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by Peterr

A Few Religious Objections to Hobby Lobby, et al.

6:45 am in climate change, Economy, Education, Energy, Environment, Health Care, Judiciary, LGBT, Military, Religion by Peterr

After reading through some of the recaps of the oral arguments at SCOTUS yesterday in Sebelius v. Hobby Lobby Stores and Conestoga Wood Specialties v. Sebelius, it appears that some of the justices, and perhaps a majority, are willing to allow private religious objections to trump the laws, regulations, and ordinances enacted by local, state, and federal governments. Just so that no one is surprised later, I thought I’d lay out some of my strongly held religious beliefs now.

I have a strong religious objection to the death penalty, yet for the fifth time in five months, my state of Missouri has spent my tax dollars to carry it out. At the foundation of the Christian church — the Lutheran branch of which I am pleased to serve as a pastor — is the story of the execution of Jesus at the hands of the state and his resurrection three days later, through which God says “No” to the death-dealing forces of the world. My tax dollars are spent at the state and federal level to support exactly this system of vengeance, not justice, which all too often is administered in a way that is irregular at best and occasionally flat out wrong at worst.

I also have a strong religious objection to torture, yet my state and federal government continue to spend millions of tax dollars on that form of torture known as “solitary confinement,” and tens or hundreds or thousands of millions on “enhanced interrogations” and the hiding thereof from the oversight of the courts. Indeed, I have strong religious objections to NOT spending my tax dollars to bring the perpetrators and enablers of torture to justice.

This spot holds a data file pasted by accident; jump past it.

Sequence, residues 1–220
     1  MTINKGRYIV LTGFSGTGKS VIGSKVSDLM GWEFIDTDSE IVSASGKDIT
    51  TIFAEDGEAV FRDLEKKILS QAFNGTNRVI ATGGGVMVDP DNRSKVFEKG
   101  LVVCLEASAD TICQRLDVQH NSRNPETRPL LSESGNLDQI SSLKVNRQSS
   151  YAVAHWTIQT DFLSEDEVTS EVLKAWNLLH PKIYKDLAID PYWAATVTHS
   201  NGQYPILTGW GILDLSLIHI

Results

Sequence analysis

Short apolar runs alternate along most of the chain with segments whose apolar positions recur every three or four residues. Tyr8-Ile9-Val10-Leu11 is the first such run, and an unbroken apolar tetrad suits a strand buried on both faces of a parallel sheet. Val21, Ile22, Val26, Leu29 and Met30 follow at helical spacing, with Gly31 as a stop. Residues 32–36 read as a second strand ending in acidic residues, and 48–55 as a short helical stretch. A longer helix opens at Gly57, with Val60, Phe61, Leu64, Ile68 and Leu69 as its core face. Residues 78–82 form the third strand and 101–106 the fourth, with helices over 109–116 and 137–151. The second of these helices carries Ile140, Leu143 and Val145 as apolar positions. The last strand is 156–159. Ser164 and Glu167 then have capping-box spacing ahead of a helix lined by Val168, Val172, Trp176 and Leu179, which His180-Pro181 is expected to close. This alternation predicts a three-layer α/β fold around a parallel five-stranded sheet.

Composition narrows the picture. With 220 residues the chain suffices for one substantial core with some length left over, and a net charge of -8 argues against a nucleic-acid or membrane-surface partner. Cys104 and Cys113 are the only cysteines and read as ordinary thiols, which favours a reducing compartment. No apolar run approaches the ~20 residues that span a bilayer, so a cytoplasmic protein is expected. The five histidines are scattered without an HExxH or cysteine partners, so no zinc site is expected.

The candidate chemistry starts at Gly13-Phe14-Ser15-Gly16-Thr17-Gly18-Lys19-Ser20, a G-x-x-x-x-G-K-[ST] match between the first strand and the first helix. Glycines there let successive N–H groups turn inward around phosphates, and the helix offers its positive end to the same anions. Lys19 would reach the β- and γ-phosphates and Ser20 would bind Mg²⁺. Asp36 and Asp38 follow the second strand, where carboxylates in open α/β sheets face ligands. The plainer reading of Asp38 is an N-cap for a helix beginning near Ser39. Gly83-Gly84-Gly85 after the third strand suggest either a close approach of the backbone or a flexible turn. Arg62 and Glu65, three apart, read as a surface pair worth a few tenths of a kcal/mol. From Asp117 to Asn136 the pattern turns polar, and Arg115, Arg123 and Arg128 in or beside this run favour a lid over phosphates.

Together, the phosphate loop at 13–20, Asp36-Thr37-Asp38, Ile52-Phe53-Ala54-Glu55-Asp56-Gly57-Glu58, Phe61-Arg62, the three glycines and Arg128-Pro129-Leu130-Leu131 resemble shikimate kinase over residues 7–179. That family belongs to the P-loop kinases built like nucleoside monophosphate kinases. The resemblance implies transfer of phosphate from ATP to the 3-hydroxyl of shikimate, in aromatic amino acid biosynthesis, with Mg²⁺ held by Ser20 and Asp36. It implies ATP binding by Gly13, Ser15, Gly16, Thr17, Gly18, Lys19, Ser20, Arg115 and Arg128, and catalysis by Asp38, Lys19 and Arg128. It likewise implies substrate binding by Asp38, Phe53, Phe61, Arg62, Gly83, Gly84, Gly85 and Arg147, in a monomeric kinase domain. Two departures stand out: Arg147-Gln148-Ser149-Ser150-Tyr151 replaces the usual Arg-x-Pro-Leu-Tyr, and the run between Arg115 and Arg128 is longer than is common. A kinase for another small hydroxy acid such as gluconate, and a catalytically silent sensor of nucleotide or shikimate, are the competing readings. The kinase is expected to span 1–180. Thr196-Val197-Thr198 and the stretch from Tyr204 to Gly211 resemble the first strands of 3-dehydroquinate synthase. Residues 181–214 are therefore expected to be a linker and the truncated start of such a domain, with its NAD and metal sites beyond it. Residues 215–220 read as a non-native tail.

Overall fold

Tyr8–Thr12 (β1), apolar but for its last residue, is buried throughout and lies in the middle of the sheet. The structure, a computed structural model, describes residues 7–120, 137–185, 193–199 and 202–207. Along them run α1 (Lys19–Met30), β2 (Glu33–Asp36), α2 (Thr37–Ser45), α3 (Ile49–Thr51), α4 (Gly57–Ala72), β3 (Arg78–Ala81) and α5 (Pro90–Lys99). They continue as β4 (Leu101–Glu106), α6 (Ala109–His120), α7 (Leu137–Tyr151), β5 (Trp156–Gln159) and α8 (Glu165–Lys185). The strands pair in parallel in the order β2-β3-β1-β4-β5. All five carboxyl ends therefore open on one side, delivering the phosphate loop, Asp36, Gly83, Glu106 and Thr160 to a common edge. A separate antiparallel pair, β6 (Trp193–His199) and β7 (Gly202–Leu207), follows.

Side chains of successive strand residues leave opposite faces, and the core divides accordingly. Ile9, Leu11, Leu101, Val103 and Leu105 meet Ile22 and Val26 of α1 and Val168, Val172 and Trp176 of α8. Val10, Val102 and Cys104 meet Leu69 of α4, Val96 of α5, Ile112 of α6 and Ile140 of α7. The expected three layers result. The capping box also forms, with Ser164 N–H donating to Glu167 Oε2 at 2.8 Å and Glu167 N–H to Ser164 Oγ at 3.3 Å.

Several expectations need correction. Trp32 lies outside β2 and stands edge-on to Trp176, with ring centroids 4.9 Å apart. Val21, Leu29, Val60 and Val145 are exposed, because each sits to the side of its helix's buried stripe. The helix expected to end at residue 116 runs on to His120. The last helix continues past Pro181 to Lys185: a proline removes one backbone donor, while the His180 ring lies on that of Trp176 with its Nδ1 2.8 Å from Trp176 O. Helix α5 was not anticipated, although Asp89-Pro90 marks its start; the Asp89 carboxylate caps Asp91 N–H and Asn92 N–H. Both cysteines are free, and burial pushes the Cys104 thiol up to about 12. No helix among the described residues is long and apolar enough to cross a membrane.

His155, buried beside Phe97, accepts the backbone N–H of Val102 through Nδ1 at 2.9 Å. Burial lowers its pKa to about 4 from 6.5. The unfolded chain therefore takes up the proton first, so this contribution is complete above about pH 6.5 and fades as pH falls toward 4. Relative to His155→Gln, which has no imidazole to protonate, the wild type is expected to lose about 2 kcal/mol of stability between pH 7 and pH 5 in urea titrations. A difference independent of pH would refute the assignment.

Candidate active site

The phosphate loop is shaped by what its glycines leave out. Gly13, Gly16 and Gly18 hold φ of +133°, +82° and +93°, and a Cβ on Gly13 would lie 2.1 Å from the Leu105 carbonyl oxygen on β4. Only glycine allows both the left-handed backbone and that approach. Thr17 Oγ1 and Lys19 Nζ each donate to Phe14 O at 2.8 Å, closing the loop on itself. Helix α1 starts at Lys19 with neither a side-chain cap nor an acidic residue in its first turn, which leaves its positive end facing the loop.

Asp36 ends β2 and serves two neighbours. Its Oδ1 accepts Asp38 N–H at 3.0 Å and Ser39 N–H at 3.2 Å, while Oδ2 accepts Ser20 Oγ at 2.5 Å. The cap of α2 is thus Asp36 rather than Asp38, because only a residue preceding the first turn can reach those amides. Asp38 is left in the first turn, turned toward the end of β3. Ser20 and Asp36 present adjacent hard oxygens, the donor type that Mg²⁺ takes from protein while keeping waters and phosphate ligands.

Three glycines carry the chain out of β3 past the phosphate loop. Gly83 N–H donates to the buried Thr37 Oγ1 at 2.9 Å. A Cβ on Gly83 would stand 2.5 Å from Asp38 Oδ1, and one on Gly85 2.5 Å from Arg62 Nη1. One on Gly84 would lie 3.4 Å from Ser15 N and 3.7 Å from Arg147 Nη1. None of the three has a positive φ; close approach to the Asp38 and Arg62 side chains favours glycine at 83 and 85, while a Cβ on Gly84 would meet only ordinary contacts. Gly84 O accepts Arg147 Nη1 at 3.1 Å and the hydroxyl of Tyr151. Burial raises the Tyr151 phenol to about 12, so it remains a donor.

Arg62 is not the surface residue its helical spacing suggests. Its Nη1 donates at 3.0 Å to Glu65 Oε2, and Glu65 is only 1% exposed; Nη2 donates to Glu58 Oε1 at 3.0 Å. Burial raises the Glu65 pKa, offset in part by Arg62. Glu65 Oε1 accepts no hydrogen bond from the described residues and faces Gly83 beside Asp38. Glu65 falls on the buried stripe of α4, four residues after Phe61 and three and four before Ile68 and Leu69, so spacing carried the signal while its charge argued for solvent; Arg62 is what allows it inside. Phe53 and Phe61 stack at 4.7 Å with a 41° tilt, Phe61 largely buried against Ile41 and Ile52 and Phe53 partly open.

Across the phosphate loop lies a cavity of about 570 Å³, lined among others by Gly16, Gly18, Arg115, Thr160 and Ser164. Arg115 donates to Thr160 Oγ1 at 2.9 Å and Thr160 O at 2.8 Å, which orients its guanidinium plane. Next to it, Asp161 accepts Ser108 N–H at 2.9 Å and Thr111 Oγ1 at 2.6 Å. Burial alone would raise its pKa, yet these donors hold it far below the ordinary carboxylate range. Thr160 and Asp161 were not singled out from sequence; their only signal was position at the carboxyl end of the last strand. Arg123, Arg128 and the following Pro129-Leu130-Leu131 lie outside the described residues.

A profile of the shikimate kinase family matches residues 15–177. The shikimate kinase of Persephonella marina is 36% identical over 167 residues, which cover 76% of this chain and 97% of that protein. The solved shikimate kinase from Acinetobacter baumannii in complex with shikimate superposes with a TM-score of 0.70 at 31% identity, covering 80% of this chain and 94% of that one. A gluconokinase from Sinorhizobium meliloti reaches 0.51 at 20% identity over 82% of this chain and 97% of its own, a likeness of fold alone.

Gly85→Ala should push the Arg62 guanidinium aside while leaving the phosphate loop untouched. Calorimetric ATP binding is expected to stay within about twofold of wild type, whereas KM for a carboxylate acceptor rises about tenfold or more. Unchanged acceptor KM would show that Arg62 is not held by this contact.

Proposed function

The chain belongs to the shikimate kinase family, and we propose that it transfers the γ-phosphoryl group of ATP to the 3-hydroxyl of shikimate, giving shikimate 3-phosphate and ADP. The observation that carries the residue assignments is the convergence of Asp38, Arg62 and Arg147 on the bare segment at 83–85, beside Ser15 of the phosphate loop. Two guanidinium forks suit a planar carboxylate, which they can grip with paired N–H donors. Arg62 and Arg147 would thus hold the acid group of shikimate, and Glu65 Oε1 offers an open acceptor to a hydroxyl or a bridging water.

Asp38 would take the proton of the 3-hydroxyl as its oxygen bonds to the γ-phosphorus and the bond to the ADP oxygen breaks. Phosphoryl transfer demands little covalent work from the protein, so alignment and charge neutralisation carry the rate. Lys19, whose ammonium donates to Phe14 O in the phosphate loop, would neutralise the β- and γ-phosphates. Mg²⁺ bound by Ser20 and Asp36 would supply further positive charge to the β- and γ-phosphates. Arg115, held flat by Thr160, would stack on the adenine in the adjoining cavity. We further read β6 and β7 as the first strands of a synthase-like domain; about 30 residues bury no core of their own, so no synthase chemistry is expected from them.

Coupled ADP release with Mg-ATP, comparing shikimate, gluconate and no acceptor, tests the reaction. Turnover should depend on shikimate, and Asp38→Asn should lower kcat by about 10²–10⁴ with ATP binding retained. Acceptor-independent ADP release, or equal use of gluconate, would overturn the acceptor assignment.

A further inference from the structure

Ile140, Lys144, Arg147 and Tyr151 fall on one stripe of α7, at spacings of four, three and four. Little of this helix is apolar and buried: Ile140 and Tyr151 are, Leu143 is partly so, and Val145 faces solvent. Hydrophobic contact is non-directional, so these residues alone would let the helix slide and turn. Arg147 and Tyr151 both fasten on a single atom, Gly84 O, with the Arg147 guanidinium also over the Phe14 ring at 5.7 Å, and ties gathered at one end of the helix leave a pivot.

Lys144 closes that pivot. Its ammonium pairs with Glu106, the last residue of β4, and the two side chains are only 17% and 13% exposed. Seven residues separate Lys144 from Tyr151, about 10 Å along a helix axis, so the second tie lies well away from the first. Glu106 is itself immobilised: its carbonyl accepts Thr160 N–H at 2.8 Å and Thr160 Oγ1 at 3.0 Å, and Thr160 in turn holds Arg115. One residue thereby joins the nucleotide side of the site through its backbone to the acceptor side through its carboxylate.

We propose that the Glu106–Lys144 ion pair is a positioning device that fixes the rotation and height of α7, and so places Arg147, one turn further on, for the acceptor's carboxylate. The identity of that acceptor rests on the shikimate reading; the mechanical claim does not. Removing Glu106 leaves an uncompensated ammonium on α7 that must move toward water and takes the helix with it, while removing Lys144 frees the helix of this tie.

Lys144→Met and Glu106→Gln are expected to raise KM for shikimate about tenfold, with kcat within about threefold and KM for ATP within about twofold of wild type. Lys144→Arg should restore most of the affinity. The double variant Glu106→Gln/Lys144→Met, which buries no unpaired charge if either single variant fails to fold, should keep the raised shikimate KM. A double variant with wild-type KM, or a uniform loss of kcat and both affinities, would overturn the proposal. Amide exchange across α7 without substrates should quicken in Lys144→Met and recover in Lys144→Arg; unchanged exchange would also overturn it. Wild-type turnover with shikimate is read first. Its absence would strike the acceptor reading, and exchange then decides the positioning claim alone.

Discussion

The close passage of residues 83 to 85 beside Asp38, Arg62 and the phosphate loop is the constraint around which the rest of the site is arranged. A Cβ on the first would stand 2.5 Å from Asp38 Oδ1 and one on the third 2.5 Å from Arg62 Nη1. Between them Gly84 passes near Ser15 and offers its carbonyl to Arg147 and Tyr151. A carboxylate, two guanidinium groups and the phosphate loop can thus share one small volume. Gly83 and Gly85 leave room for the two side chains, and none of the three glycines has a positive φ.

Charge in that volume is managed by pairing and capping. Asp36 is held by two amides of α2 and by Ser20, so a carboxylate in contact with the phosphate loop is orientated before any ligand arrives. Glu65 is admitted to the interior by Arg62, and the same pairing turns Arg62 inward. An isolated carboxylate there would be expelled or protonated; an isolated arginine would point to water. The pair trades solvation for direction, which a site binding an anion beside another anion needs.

I have strong — very strong — religious objections to the unequal treatment of people before the law, yet the Department of Justice seems bent on spending my tax dollars and the tax dollars of similarly-minded folks by the millions to chase the poor and powerless into prison while giving the wealthy and powerful sternly worded letters and a good talking-to. In the financial fraud around the housing market, homeowners are hounded and unscrupulous mortgage dealers are allowed to roam free. During the recent Lesser Depression, homeowners pushed underwater by the practices of their banks have suffered greatly (“We’re sorry, but your equity has disappeared because the property values have fallen so much because we crashed the economy”), yet the SEC and DOJ use my tax dollars to go to great extremes to settle civil litigation with the the banks in such a toothless fashion that the board of JPMorgan Chase gave Jamie Dimon a 74% raise after guiding them through with only a slap on the corporate wrist. And you don’t want to know how strongly I object on religious grounds to the failure of the DOJ to pursue criminal rather than civil penalties . . .

I have viscerally strong religious objections to sexual abuse, yet the military paid for with my tax dollars continues to turn a blind eye to the climate in the military that leads thousands of those in the ranks to not report the harassment, abuse, and rapes they have suffered at the hands of their colleagues and commanders, and that allows far too many of those against whom reports of abuse were filed to avoid accountability. Similarly, I have strong religious objections to NOT spending my tax dollars to do this on every US military base and port and outpost.

I have extremely strong religious objections using my tax dollars to administer the public law in secret, with secret judicial proceedings, secret decisions, and secret sentences.